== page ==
Much discussed, but little-understood, agro-tourism is a two-fold initiative that intends to spread tourist dollars currently going only to a small portion of the population, primarily in Siem Reap, according to Minister of Tourism Lay Prohas.
“Agro-tourism is a new term: Cambodia invented that, I think,” Lay Prohas said Monday.
Prime Minister Hun Sen had used the term to refer to organizing tour packages to the countryside, especially to farms, Lay Prohas said.
“Agro-tourism in this sense is about organizing home-stays and day trip activities. It is about the aroma of the paddy fields, the beauty of the green rice fields…
getting tourists to appreciate this,” he said.
But, he added, agro-tourism has another, possibly more profitable aspect that involves upgrading farms and helping locals produce and market their food and flowers for the country’s hotels and restaurants.
“The second part is getting the private sector to produce agricultural products to supply tourism,” he said, adding that the vast majority of hotels and restaurants currently use imported agricultural products from Vietnam and Thailand.
Lay Prohas said that with Cambodia’s membership in the World Trade Organization, Cambodian farmers may be hard pressed to compete with industrial farms in neighboring countries. But with an estimated $1 billion being spent by tourists in Cambodia, they have an opportunity that is not being realized at home, he added.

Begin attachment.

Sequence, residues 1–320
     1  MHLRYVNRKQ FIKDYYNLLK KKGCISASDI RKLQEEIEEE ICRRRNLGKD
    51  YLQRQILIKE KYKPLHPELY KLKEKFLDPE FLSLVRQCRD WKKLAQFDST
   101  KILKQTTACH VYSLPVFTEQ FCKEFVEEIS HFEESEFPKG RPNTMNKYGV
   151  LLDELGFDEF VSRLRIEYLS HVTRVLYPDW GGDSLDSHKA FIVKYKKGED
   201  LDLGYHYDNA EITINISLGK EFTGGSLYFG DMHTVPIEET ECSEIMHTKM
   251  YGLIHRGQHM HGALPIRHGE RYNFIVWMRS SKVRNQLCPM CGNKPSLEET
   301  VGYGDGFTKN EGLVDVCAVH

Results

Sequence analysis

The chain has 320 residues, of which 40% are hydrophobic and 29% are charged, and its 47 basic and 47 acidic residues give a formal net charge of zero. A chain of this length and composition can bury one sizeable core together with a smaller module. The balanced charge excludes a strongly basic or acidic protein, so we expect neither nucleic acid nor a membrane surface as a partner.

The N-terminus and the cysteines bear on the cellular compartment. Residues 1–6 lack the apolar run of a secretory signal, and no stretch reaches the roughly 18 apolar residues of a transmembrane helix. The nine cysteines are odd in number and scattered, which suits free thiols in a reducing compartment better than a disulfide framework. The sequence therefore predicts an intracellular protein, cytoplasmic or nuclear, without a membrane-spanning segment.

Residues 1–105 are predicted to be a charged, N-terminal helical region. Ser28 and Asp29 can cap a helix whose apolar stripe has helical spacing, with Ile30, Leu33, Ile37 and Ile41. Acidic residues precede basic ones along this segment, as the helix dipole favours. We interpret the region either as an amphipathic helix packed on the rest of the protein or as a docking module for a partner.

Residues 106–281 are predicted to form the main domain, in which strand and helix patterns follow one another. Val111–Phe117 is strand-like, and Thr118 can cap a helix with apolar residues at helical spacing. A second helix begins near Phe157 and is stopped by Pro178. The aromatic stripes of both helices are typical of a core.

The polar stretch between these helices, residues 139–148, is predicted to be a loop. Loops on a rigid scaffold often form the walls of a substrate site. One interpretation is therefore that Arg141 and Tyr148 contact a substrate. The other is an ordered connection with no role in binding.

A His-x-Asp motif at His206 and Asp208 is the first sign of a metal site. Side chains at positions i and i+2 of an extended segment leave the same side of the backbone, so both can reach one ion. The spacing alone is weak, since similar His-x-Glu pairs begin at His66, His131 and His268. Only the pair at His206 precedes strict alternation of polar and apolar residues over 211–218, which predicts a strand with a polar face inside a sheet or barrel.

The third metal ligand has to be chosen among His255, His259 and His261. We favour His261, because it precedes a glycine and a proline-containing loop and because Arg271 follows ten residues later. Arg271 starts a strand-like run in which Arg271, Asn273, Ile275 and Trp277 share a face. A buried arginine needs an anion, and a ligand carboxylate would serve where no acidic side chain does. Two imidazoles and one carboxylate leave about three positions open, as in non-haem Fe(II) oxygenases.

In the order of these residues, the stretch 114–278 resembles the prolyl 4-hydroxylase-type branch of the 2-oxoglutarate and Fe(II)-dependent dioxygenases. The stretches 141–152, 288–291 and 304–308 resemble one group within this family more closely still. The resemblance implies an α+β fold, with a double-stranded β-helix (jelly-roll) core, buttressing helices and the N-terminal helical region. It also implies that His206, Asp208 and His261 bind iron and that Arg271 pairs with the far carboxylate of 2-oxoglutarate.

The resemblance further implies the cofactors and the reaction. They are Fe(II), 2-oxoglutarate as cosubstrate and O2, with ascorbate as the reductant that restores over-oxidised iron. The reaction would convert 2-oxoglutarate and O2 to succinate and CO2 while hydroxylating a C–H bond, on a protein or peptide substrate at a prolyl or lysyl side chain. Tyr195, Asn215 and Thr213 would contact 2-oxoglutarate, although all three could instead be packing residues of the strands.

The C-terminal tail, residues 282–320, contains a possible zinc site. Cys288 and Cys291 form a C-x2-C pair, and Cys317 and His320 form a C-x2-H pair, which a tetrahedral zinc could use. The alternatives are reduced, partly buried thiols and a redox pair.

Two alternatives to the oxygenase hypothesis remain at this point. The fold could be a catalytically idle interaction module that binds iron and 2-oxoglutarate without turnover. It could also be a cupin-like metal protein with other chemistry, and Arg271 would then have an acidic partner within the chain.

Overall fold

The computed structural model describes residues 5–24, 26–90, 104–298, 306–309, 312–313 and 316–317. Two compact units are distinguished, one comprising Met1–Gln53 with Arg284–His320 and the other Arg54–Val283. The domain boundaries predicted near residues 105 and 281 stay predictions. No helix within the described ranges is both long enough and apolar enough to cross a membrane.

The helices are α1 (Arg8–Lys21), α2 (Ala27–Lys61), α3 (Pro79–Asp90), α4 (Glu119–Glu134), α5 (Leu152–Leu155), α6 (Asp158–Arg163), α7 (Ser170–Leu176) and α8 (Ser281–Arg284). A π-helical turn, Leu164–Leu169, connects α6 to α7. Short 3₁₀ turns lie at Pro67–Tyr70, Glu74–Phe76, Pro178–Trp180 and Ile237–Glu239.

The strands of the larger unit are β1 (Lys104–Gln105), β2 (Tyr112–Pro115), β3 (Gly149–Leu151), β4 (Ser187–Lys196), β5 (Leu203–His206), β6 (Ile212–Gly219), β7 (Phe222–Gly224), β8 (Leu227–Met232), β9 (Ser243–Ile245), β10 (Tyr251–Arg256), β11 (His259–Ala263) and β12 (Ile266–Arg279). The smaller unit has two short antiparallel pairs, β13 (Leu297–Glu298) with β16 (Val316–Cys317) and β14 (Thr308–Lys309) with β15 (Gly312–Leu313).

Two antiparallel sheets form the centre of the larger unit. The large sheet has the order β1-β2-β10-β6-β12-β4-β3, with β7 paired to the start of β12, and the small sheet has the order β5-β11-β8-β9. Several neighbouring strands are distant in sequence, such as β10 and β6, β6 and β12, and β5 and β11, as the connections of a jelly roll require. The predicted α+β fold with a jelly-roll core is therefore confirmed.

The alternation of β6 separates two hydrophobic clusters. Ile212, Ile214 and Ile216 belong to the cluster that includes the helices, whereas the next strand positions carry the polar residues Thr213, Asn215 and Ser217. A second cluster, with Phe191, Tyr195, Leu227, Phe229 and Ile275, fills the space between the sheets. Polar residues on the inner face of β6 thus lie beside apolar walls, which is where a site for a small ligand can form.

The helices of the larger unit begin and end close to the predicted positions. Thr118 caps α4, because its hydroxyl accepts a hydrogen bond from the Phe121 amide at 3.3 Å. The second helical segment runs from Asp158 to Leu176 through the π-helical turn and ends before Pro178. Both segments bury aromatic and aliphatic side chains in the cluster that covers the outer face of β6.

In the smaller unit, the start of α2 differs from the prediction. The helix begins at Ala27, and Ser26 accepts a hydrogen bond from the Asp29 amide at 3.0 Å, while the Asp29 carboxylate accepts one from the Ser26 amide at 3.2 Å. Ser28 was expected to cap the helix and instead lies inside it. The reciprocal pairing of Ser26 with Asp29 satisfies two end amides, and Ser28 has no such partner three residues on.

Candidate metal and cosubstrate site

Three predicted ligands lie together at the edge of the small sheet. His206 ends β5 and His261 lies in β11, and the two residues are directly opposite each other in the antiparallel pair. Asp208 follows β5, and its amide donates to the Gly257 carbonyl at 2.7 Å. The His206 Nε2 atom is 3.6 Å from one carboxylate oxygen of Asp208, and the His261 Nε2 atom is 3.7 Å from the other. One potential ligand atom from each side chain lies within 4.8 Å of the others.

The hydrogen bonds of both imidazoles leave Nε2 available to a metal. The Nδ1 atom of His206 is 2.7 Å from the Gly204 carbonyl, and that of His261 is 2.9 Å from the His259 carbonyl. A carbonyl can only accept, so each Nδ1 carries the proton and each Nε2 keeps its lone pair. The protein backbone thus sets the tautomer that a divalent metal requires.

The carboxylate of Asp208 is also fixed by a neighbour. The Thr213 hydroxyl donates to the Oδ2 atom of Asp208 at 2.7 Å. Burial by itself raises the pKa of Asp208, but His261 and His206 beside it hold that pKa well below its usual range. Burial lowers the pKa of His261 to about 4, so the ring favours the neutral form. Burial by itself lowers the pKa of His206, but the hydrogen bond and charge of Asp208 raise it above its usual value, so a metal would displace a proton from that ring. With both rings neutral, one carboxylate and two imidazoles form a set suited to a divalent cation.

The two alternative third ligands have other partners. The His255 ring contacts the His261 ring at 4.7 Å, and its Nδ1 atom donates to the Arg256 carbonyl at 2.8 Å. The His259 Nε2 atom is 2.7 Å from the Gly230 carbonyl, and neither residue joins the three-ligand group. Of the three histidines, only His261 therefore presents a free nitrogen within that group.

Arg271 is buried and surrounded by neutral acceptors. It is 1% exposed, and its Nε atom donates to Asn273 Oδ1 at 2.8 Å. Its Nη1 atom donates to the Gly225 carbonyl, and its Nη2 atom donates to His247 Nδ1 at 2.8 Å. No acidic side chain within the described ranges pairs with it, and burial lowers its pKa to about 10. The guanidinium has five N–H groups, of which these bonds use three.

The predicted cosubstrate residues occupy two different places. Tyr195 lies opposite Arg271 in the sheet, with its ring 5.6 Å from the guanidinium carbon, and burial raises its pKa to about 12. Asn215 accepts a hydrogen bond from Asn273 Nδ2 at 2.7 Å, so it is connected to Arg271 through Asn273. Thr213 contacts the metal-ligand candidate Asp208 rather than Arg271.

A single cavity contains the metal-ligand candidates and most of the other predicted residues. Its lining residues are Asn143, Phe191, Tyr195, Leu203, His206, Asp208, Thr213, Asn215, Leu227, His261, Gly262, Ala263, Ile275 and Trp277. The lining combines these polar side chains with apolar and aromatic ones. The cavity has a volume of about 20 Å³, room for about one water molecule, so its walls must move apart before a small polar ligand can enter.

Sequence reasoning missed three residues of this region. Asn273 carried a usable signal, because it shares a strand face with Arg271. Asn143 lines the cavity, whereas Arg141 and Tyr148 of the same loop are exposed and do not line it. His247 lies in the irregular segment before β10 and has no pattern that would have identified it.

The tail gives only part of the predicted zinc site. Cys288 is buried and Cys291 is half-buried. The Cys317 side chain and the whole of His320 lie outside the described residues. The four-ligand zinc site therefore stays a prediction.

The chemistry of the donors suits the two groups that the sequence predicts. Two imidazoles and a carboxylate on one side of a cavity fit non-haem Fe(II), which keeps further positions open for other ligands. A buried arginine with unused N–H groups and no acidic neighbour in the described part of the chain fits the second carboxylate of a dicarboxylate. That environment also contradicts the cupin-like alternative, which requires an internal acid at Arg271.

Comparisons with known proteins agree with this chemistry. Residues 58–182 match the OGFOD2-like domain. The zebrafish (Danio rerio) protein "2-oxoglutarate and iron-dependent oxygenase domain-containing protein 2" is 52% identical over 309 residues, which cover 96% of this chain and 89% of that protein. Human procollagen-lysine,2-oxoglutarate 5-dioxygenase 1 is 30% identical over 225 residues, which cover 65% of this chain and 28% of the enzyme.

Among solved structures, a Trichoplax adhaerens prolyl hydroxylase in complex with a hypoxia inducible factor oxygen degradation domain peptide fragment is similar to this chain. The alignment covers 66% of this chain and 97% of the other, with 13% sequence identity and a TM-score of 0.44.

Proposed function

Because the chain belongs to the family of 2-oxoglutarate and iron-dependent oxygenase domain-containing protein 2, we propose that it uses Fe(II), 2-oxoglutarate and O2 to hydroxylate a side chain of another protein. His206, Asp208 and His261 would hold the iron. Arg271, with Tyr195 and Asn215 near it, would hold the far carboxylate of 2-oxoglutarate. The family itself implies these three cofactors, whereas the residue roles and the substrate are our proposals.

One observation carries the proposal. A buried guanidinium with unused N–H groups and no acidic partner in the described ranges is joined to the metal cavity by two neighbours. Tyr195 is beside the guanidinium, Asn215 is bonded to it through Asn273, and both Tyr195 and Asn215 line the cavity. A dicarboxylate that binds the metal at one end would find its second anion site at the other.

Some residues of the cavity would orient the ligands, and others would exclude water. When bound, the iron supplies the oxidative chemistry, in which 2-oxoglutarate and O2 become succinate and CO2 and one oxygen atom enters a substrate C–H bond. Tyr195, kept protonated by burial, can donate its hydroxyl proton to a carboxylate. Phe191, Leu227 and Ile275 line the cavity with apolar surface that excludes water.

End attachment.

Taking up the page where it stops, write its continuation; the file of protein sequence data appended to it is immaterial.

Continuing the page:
“The idea is to set up a cooperative, ” he said. “Mobilizing the village: One village, one product. One village producing a vegetable, one village producing the meat.”
Eventually a “green belt” could be functioning around Siem Reap, he said.
The minister said the government will conduct a survey to find out exactly what demand for food, beverage and services is by tourists. Then it will be up to the Agriculture Ministry and Rural Development Ministry to work with NGOs to begin production.
Dr Yim Voeunthan, secretary of state at the Ministry of Agriculture, said Monday that a lot of work on basic production facilities needs to be done before agro-tourism can get off the ground, especially in the area of animal products.
“Our slaughterhouses need to be brought up to international standards,” he said. “We have health inspectors in some of the slaughterhouses but not all. Tourists do not want to buy Cambodian agricultural products until they know where they come from.”
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